As much as it hurts our nationalistic sensibilities to concede it, we hope that United States law-enforcement agencies build cases and extradite the so-called lottery scammers from Jamaica.
If they do, our Government, as the national security minister, Peter Bunting, has pledged it will, must cooperate with the legitimate requests of the US authorities. We do not expect the stalling and obfuscations displayed when the Americans attempted to get the now-confessed drug dealer and gunrunner, Christopher Coke.
The fact is that despite the recent passage by the House of Representatives of what, on the face of it, is a bill to tackle the problem, Jamaica, fundamentally, lacks the capacity to deal with the problem.
Notwithstanding the task force that deals with organised crime, our constabulary is under-resourced and overburdened, with a focus on the more than 1,000 murders that take place here annually, of which the clear-up is no more than a third.
Further, even if the police are able to construct strong cases against the con artists, the likelihood is that these would join the backlog of nearly half a million cases that clog the creaky judicial system.
The net result would continue to be an absence of effective deterrence to this pernicious form of cybercrime, which preys mainly on the elderly, translating into diminished confidence in Jamaica as a venue for business-outsourcing processes. Another way to contemplate this scenario is lack of investment, the loss of jobs, and continued poor economic performance.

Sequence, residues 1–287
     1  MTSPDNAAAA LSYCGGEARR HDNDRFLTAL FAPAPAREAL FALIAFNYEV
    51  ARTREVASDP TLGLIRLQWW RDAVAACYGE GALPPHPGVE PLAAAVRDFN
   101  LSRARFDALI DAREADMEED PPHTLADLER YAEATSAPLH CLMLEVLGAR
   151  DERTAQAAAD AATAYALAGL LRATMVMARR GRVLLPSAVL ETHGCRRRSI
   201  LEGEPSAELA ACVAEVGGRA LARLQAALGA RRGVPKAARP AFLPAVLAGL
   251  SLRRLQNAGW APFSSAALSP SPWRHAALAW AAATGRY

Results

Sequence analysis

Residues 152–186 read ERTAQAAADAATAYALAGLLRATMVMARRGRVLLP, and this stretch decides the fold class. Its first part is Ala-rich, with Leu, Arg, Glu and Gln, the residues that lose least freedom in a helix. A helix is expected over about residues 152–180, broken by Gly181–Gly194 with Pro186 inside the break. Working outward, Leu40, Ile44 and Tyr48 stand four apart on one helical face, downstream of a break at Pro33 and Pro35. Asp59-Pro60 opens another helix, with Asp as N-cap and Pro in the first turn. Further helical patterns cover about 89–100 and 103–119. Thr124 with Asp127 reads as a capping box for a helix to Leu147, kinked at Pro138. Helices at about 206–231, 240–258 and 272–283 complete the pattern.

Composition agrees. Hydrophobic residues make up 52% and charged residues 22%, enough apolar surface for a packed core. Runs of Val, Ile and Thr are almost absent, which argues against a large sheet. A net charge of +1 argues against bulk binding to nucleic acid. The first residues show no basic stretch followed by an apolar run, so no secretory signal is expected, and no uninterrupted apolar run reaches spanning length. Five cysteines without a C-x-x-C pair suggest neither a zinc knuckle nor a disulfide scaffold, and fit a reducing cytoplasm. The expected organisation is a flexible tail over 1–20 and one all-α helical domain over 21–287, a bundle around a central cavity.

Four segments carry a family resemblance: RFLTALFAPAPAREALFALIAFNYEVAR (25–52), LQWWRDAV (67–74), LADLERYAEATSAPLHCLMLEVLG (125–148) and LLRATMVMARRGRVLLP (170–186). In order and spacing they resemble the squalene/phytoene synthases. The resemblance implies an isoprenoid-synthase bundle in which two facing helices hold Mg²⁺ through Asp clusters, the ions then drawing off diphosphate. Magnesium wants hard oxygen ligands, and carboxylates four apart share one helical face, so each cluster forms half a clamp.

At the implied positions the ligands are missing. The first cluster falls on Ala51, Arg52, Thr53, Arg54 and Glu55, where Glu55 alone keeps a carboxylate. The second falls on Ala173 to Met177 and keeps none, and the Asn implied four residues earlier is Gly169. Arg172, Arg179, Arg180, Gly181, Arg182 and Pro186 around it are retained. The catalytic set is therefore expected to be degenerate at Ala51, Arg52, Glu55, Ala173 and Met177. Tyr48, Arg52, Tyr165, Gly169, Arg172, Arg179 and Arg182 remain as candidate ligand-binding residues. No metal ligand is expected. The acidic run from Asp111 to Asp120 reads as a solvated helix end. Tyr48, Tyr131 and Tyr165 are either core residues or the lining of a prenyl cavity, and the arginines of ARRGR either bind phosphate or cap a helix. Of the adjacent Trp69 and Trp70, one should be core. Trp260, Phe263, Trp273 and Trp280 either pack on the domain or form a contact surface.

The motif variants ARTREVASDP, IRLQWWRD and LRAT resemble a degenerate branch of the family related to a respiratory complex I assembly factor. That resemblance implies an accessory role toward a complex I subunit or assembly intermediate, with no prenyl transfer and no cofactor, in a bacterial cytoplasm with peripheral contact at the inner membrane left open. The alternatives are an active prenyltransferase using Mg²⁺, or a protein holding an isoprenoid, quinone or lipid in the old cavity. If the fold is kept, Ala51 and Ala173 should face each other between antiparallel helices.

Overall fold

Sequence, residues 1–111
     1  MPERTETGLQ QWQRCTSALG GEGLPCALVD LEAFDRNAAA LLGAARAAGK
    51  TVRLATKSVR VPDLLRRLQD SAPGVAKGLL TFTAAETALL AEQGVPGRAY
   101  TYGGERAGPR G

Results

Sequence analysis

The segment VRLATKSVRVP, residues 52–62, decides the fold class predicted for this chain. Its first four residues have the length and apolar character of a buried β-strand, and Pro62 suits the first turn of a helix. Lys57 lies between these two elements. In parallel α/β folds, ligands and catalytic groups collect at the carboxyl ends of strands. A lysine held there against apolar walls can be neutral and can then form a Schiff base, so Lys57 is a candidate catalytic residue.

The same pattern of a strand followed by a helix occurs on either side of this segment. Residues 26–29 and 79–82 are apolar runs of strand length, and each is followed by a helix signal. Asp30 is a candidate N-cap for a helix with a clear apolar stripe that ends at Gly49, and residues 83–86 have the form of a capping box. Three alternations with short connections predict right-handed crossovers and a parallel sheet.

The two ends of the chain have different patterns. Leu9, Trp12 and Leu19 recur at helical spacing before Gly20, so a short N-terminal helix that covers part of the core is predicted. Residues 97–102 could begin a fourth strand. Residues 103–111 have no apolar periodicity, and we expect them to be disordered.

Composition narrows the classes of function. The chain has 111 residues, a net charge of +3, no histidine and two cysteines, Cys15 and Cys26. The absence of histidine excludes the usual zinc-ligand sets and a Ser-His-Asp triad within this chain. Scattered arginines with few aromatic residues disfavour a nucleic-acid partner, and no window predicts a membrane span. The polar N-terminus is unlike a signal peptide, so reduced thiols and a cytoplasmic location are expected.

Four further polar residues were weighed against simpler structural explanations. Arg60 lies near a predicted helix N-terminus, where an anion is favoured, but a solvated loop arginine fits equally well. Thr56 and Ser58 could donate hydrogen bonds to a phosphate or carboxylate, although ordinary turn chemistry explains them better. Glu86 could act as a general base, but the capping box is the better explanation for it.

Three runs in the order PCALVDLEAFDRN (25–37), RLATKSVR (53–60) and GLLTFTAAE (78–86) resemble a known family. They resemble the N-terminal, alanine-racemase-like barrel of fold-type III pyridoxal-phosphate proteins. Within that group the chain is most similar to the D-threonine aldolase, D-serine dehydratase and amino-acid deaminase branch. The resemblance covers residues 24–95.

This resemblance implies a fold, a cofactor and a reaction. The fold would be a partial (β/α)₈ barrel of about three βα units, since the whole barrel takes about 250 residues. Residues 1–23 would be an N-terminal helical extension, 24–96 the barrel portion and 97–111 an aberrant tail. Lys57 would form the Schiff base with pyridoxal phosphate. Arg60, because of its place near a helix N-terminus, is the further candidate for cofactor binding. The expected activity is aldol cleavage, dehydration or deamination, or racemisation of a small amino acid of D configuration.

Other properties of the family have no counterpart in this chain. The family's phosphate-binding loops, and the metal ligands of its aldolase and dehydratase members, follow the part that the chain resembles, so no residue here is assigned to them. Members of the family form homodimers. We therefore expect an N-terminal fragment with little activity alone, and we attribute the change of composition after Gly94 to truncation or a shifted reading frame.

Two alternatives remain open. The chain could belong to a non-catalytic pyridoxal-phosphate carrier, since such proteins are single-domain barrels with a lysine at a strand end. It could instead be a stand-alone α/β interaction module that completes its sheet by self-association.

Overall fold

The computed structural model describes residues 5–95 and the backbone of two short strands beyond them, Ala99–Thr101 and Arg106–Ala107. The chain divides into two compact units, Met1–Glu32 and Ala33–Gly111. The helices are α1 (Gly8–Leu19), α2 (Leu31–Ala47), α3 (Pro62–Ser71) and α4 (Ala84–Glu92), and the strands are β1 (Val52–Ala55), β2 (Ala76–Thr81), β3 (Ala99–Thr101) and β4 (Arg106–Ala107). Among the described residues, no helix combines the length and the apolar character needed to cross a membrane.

But this is only part of the backdrop in support of the call from Susan Collins, the Republican member of the US Senate Committee on Ageing, for American prosecutors to have scammers tried in America.
We also perceive extradition in the context of a partnership between two friendly countries with shared interests in combating a significant problem.
Americans are the main victims of these scams in which perpetrators use people's identity information, sometimes purloined, to fleece them of money. The US estimates that its citizens are annually bilked of around US$1 billion through such fraud, of which Jamaicans are among the leading perpetrators.
But we are also victims beyond the hurt to Jamaica's image and the lost economic opportunities. Local law enforcement also says that the lottery scams also fuel crime in Jamaica - apparently as perpetrators jostle for cyber territory and play out the jealousies that accompany their quick and easy route to riches and their sense of impunity.
Cooperation with the US, and any other country that has a problem, ought to be supported by Jamaicans.
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